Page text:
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Palantir (NYSE:PLTR) tumbled 12.75% to $27.84 per share on Feb. 15. The reason was the announcement of fourth-quarter 2020 earnings, which were mixed. PLTR stock in the past five months managed to gain about 400% from the closing price of $9.50 on its first trading day (Sept. 30, 2020) to a 52-week high of $45.
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PLTR stock has even managed to become a meme stock, which partly explains its price surge.
But let’s dive into the latest earnings report. What does this tell us about PLTR stock?
PLTR Stock: Key Risks
In January, I wrote an article about Palantir and the 10 Key Risk Factors for 2021 and Beyond.
The No. 2 reason was the “Risk of Unsustainable Revenue Growth.” Specifically, I wrote, “But is this growth and momentum for revenues sustainable? Any earnings miss or slowdown in this revenue growth can add selling pressure to the stock.”
Was this nearly 13% drop in stock price attributed to a slowdown in revenue growth outlook? The answer is yes.
In December 2020, I wrote “Palantir stock may have soared in 2020, but there are several fundamental reasons to avoid it.” The three key reasons were valuation, specific stock risks and stock financial performance. Are these key risks still relevant? The straightforward answer is again yes.
Highlights to Focus on
Palantir’s fourth-quarter 2020 earnings were mixed. The good news was that both earnings and revenue topped estimates as the company closed several large deals. But the main reason why Palantir stock fell was that its full-year 2021 revenue guidance came in slightly below expectations.
For full-year 2021, Palantir said it expects revenue growth of greater than 30%. But there are two negative things to consider here.
First, the analysts were expecting for 2021 revenue growth of 31%. Yes, the miss seems to be a very slight one. But still, it is a miss. What is more important though is the fact that this expected revenue growth represents a significant slowdown from the 47% revenue growth of 2020 compared to 2019.
Now there is a tendency for most publicly traded companies to be rather optimistic on their financial projections. And although Palantir said it expects revenue growth of more than 30% for 2021, financial analysts, including myself, interpret this as it will be probably less than 2020 growth. And a slowdown in revenue is never a positive fundamental factor.
The 4Q 2020 Palantir earnings report was mixed with good news and bad. The software company reported a surprise fourth-quarter loss, even though revenue rose more than forecast. Palantir reported a net loss that narrowed to $148.3 million, or 8 cents a share, from $159.3 million, or 29 cents a share, in the year-ago period. These losses included $241.8 million in stock-based compensation and $18.9 million in employer payroll taxes. The FactSet consensus was for a profit of 2 cents a share. Revenue rose 40.4% to $322.1 million, beating the FactSet consensus of $300.7 million.
What about the year-over-year key financial metrics? This is where my investment thesis is still valid as the company increased its revenue, but at the same time widened its net loss. Something is wrong here.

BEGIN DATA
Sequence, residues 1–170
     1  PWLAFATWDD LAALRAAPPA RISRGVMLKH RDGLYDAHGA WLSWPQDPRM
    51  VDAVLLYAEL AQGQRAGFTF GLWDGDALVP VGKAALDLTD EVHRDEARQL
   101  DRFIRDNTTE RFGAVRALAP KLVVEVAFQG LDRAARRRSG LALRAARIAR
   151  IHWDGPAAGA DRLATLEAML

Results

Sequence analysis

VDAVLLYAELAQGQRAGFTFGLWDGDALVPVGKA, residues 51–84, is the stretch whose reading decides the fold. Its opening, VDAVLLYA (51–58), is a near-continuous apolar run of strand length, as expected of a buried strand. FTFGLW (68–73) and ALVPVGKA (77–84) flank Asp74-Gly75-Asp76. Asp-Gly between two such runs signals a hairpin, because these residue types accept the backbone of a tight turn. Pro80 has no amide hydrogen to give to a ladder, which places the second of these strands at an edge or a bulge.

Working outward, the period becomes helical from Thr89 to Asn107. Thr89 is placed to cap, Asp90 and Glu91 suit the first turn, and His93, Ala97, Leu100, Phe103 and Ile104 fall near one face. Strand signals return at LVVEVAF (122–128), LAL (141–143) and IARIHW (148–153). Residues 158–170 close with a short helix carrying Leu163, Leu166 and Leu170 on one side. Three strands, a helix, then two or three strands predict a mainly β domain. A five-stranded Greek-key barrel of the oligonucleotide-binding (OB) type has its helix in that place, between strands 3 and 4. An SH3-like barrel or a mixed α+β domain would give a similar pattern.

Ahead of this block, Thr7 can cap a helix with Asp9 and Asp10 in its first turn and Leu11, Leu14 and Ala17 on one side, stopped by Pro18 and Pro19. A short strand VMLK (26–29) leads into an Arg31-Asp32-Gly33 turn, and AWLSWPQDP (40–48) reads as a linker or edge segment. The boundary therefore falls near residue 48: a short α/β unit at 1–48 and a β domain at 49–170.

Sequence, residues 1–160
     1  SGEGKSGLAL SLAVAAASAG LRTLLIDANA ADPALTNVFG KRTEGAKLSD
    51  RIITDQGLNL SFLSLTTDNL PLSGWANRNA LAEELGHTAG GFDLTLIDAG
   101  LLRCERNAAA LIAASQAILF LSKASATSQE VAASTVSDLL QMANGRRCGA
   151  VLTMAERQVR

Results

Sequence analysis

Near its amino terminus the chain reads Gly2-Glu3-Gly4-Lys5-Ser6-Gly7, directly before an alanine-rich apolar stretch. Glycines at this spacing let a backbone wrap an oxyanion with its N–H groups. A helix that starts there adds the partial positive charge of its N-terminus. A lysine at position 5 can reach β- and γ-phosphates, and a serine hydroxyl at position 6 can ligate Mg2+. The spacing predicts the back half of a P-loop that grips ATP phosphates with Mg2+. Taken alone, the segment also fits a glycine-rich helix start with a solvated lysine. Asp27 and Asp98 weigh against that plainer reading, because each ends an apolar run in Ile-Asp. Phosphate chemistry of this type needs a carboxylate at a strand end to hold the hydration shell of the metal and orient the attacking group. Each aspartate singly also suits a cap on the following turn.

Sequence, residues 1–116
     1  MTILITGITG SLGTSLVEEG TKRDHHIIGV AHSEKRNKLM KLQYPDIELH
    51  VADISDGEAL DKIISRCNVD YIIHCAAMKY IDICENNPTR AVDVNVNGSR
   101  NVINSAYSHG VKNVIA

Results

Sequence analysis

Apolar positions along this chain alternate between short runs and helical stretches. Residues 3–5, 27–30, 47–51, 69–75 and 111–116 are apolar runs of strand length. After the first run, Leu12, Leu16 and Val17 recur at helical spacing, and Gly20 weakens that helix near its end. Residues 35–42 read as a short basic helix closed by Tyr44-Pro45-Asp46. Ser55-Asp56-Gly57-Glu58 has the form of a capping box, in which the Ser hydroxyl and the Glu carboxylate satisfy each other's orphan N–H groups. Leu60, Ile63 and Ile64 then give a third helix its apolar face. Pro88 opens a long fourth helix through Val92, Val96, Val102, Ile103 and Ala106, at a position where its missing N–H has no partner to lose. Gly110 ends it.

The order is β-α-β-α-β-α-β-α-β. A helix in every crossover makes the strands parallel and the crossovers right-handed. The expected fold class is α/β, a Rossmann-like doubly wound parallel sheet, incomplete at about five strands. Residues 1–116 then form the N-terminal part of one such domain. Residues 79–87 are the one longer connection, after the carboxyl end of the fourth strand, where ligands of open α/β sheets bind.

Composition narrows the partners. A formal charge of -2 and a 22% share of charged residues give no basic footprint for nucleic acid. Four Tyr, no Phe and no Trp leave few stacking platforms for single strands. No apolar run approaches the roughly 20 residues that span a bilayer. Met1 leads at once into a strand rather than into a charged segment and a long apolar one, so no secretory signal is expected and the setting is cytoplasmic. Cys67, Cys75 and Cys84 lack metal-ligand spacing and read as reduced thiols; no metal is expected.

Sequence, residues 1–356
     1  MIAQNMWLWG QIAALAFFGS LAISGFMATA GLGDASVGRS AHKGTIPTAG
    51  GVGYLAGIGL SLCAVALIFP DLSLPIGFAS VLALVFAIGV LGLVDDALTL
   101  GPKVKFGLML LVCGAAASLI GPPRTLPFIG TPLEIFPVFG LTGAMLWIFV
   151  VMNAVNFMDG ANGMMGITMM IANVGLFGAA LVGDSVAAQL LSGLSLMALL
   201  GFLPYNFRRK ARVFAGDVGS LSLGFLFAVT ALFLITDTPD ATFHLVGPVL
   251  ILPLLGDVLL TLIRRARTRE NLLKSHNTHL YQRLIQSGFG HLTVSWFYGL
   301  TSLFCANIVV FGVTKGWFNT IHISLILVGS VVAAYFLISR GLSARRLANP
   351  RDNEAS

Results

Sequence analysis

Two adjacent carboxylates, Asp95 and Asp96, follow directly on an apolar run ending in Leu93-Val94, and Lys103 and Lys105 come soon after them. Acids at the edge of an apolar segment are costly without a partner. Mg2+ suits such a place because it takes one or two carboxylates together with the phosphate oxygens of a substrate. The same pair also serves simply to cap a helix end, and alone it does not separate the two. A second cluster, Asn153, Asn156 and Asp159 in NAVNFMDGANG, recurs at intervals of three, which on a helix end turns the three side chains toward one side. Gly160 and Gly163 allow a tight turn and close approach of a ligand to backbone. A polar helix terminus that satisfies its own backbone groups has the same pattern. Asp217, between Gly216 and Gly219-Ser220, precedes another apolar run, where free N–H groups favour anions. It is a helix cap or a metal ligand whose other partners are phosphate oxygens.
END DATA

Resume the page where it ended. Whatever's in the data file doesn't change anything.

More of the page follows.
Revenue of $1.09 billion in 2020 turned to a net loss of $1.166 billion or a net loss per share attributable to common stockholders, basic of $1.19. For 2019 the revenue, net loss and net loss per share attributable to common stockholders, basic were $742.5 million, $579.64 million, and $1.02 respectively.
So the net losses widened despite a 47% hike in revenue. Speaking with facts and not opinion, this is not good for valuation purposes. Another key highlight to consider is that for 2020 net cash used in operating activities was – $296.60 million, worse than the -$165.21 million in 2019.
The majority of cash made was due to financing activities, not the core operating activities.
Remains Too Expensive
Now not all things are negative for Palantir. The company has announced “new contracts in Q4 2020 which include businesses and federal government agencies.
Furthermore, the company expects Q1 2021 revenue growth of 45% year-over-year. And the average revenue per customer was $7.9 million, up 41% year-over-year. The average revenue from its top 20 customers was $33.2 million, up 34% year-over-year.
There have also been announced several important business developments, such as the partnership with IBM (NYSE:IBM) to deploy artificial intelligence applications focusing on data related to hybrid cloud environments.
PLTR Stock Verdict
There have been several developments that clearly show Palantir is working to find its competitive edge. But to me, the fundamentals show that it is too early for the expectations to turn to viable and consistent profitability. If sales growth slows significantly in 2021 compared to 2020, then most probably the company will be unprofitable in 2021. And yet the expectations of about $4 billion to $5 billion of revenue until 2025 remains optimistic.
For now, I do not see any improvement in key financial metrics such as profitability. It got worse. Losses widened. My investment thesis remains the same: the stock is highly-priced, with key risks ahead. I do not find a solid financial argument to buy the stock.
On the date of publication, Stavros Georgiadis, CFA, did not have (either directly or indirectly) any positions in the securities mentioned in this article.
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